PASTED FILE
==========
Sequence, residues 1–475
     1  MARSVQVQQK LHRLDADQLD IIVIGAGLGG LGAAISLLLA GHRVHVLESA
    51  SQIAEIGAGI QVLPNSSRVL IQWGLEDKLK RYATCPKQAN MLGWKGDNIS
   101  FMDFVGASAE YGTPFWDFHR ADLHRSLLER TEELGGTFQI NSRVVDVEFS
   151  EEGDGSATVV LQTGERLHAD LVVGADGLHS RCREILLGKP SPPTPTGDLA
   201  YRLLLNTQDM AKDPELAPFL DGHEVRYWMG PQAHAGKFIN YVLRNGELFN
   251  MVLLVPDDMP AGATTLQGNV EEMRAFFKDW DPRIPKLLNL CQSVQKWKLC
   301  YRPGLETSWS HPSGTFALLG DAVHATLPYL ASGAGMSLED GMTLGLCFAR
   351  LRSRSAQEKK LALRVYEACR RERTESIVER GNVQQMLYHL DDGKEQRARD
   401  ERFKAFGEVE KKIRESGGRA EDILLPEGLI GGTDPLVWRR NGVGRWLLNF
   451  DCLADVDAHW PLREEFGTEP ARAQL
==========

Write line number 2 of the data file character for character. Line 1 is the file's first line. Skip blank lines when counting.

     1  MARSVQVQQK LHRLDADQLD IIVIGAGLGG LGAAISLLLA GHRVHVLESA